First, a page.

Less well studied, but no less interesting, is Dichter’s later, less well-known work on management training. In the late 1960s and ’70s, his consulting firm applied the same principles and the same psychoanalytically-informed understanding of motivation, which it had honed during years of marketing research, to motivate the managers of corporate America. The firm ran a series of ‘Top Man’ motivational seminars and published a range of pamphlets, called “Manager/Motivator”. As the title suggests, Dichter framed the job of managing other people as essentially a job of motivating people to work. According to Dichter, the ability to motivate others began with the ability to motivate the self and entailed a series of techniques, including self-aimed quizzes, a ‘mood barometer,’ and a ‘psychological calendar,’ to monitor one’s thoughts, feelings, and moods. These ‘technologies of the self’— practices by which individuals are enjoined to know and monitor the self—were an integral part of motivation training.

According to Dichter’s seminar notes, the key characteristic of a successful business executive is the desire consistently to set high goals, which result in a high ‘motivational differential’. The latter was his term for the difference between one’s present state in life and one’s desired state [5]. For Dichter, then, executives were driven to action by setting high goals; and maintaining this high motivational differential was supposed to result in success for the top manager, harder work by their staff, and productivity for the company. Dichter’s view of top managers as relentlessly driven by setting high goals is echoed much more recently by Amazon executive Elisabeth Rommel: what motivates Amazonians to work so hard, Rommel explains, is the very experience of being pushed to—and beyond—their limits, spurred by the knowledge that “we haven’t scratched the surface of what’s out there to invent.” Amazon’s corporate culture, no less than Dichter’s motivation seminars, insists upon the importance of ever greater self-motivation as the route to self-improvement.


Motivation or manipulation? McClelland’s Motivation Training

While management consultants were cultivating employee motivation, social critics worried about the troubling effects of corporations on the individual. Ernest Dichter may have avoided further public accusations of brainwashing by turning his expertise to management training, but his contemporary David McClelland (1917-1998) encountered criticism that he was ‘brainwashing’ individuals, and the concept in fact influenced his own approach to motivational psychology. David McClelland was an influential motivational psychologist best known for his adaptation of the Thematic Apperception Test, a psychological test that requires participants to provide narratives for ambiguous line drawings. He used it widely as a way to uncover—and cultivate—the fundamental motives for achievement and power that he saw as crucial to individuals’ success. He worked in both academia, as a professor at Harvard’s interdisciplinary Department of Social Relations, and in business. In 1963, McClelland founded a human resources consulting firm, McBer & Company, which began running a series of motivation training courses intended to cultivate fundamental motives crucial to business success—namely, the ‘power motive’, or the drive to influence others.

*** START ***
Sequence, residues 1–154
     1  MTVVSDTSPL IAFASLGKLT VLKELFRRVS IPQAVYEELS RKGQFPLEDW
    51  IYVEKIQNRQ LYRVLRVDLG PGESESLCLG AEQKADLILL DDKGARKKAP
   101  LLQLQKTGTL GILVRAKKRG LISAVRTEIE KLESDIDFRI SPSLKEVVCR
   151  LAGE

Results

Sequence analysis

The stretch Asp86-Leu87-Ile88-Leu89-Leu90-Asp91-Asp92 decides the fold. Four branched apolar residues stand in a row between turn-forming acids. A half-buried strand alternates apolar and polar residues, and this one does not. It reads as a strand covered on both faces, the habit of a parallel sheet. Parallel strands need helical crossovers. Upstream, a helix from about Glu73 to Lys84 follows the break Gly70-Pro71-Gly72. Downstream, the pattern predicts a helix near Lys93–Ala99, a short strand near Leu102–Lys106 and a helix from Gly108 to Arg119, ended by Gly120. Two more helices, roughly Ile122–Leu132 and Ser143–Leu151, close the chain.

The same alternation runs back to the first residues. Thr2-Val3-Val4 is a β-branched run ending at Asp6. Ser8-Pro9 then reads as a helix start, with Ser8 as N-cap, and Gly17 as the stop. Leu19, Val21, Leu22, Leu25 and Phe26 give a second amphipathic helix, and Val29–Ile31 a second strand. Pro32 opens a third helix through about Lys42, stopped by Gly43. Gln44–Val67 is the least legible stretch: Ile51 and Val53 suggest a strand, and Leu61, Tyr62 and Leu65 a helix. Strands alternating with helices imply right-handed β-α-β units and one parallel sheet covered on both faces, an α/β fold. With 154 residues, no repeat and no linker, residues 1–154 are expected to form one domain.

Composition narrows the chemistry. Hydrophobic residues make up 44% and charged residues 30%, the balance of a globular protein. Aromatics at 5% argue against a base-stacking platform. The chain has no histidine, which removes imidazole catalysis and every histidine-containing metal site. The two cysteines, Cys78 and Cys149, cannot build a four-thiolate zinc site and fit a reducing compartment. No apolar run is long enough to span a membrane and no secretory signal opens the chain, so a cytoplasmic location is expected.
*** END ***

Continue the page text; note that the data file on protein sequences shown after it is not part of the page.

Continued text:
One of McClelland’s career-long goals was to rehabilitate the “positive face” of power, as a positive rather than coercive form of influence over others. Modern life, McClelland argued, particularly corporate life, required the exercise of influence over others; in fact, that was the definition of management. In a 1976 Harvard Business Review article, tellingly titled “Power is the Great Motivator,” McClelland defined the essential trait of the good leader as the drive to have influence over others, which did not entail an authoritarian, domineering wielding of power, but an authority relationship that cultivated subordinates’ own sense of initiative and responsibility. A good manager should be a motivator.

McClelland bemoaned the skepticism that surrounded the motivational psychologist. He noted that anyone who tried to influence others—for example through a motivation training course—risked getting tarnished as a manipulator, or a ‘brainwasher.’ As he wrote in his 1975 book, Power: The Inner Experience, “as soon as it became apparent that we could indeed change people in a relatively short period of time, many observers began to worry. Was it ethical to change people’s personalities? Were we not brainwashing them?” [6]